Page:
Go Back   Steve's Digicams Forums > Digital Cameras (Point and Shoot) > Panasonic / Leica

Reply
 
Thread Tools Search this Thread
Old Mar 24, 2006, 8:34 AM   #21
Administrator
 
Join Date: Jun 2003
Location: Savannah, GA (USA)
Posts: 22,378
Default

Sensor size impacts DOF because you can use a much shorter focal length lens to get the same framing, and Depth of Field is based on the actual versus 35mm equivalent focal length, aperture and focus distance.

As a result, you'll have much greater depth of field with a non-DSLR model compared to a DSLR using a much larger sensor, for any given 35mm equivalent focal length/angle of view

As for lenses, you really need to take each one on a case by case basis. You'll find poor quality lenses, and good quality lenses from all of the manufacturers (Nikon, Minolta, Canon, Sigma, Tamron, Tokina, Vivitar/Cosina, etc.).

You can find worse, but the Sigma 28-105mm f/2.8-4 you mentioned is below average quality (I'd call it poor), and is likely to be quite soft unless the aperture is stopped down some (and it would still be softer than many other lenses).

JimC is offline   Reply With Quote
Old Mar 24, 2006, 8:37 AM   #22
Member
 
dissembled's Avatar
 
Join Date: Mar 2006
Posts: 48
Default

Really? Why is it poor quality?
It's pretty 'fast' compared to other more affordable mid-tele ranges..

Is there a chance I'll get a 'lemon'?


dissembled is offline   Reply With Quote
Old Mar 24, 2006, 8:50 AM   #23
Administrator
 
Join Date: Jun 2003
Location: Savannah, GA (USA)
Posts: 22,378
Default

It's a cheap, consumer grade lens. As I mentioned before, go used if budget is a problem. It's better to have a sharp lens that's used, then a new lens that's soft. ;-)

The Minolta 24-85mm I mentioned that was available used for around $100 is sharper wide open that that Sigma is stopped down to f/8. :-)

If you look at the MTF charts for it, it's soft, especially at wide open apertures, and it doesn't improve a lot stopped down to smaller apertures (especially on the long end). You'll find MTF tests for a number of lenses here.

http://www.photodo.com/nav/prodindex.html

User surveys also call it's overall quality "sub average", and rate it as "poor" wide open on the long and wide end the lens (and only "OK" stopped down). It's also got pretty bad barrel and pincushion distortion (not very well corrected at all).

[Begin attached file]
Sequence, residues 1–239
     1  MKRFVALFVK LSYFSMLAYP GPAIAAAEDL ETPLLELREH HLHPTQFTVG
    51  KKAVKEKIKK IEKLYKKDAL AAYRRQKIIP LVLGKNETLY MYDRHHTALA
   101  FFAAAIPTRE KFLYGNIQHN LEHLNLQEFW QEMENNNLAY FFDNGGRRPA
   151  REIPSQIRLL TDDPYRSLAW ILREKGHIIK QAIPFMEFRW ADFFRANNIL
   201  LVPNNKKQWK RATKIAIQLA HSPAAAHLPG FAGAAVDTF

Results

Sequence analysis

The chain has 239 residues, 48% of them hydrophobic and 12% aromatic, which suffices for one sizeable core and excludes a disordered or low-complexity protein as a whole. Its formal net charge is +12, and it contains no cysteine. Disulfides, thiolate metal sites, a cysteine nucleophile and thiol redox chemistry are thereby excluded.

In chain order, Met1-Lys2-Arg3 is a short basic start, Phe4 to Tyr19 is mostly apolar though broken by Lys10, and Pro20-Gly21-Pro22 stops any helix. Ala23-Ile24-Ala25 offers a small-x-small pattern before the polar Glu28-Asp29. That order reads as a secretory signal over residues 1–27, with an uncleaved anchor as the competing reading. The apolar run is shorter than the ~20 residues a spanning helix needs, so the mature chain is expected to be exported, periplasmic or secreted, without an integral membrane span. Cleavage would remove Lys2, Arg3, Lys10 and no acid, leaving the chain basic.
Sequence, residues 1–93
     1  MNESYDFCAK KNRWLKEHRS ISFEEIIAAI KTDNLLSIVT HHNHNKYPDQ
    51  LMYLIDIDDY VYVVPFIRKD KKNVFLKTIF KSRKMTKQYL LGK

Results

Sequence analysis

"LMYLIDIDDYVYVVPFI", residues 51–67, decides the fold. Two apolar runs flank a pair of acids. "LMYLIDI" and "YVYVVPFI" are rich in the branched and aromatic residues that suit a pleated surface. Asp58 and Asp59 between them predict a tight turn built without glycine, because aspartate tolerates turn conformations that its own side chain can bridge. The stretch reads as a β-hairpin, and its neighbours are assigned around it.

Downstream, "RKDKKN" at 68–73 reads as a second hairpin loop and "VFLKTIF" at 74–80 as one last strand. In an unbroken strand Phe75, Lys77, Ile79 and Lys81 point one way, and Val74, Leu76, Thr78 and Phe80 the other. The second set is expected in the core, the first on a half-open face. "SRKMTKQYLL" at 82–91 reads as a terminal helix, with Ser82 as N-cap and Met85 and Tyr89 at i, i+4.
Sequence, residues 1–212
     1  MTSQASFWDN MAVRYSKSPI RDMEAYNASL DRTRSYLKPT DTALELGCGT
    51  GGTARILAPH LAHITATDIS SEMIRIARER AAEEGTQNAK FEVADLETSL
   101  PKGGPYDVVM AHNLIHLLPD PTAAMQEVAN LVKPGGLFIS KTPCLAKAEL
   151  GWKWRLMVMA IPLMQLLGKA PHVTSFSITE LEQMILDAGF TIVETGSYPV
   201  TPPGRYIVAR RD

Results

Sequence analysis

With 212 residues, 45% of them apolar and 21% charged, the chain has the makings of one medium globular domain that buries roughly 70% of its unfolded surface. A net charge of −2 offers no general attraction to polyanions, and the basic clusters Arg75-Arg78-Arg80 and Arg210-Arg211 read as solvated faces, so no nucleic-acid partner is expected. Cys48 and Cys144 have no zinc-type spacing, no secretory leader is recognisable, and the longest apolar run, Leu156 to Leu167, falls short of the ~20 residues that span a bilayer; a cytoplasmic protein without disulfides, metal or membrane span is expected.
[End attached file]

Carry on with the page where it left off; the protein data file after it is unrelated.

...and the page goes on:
You'll find user surveys for a lot of lenses here:

http://www.photozone.de/8Reviews/index.html

Scroll down to the bottom where you'll see "User Performance Surveys" and select a type of lens (for example, Minolta AF).

Then, when you get to the next page, leave everything at defaults and press the "Start Query" button and you'll pull up a list of all lenses in a given camera mount that users have given ratings on. Third Party lenses will show the same results, regardless of camera mount.



JimC is offline   Reply With Quote
Old Mar 24, 2006, 9:16 AM   #24
Administrator
 
Join Date: Jun 2003
Location: Savannah, GA (USA)
Posts: 22,378
Default

Quality is very subjective, and how you'll use a lens is also a consideration. The cheaper consumer grade lenses are best used outdoors in good light (or stopped down if indoors using a flash).

Most lenses (even the best ones) are usually softer at wide open apertures. But, if you plan on using a lens wide open, you need to make sure it's up to the task. Primes are best for things like portraits.

Viewing/Print sizes also come into the equation (if you're not going to be viewing or printing images at larger sizes, then you may be perfectly happy with a lower quality lens).

I just hate to see people buy $1000 cameras, put a cheap lens in front of it, and complain about how soft their photos are. ;-)

P.S.

But, at the same time, I often see new DSLR owners go lens crazy, spending a lot more for lenses than they need to.

So, I often suggest going with the manufacturer's "kit lens" (because they're dirt cheap when bundled with a camera, and you'd have a lens that starts out wider than most). Then, after using one for a while, you'll have a better idea of what your real needs are (where the existing lens is a limiting factor).

Of course, adding a 50mm prime is a "no brainer" for a sharp portrait lens, as well as a lens for existing light use. They're small, light, bright, sharp and inexpensive. Every DSLR owner should have one in their bag.




JimC is offline   Reply With Quote
Old Mar 24, 2006, 9:25 AM   #25
Member
 
dissembled's Avatar
 
Join Date: Mar 2006
Posts: 48
Default

Thanks a lot for the help Jim..

God. So many lenses..
But I'm thinking..an fz30 right now costs the same as a 'cheap' lens.

I dunno..might as well get it right? I think that it's a very useful tool. It'll teach me a lot about the focal ranges I'll find most useable out in the streets.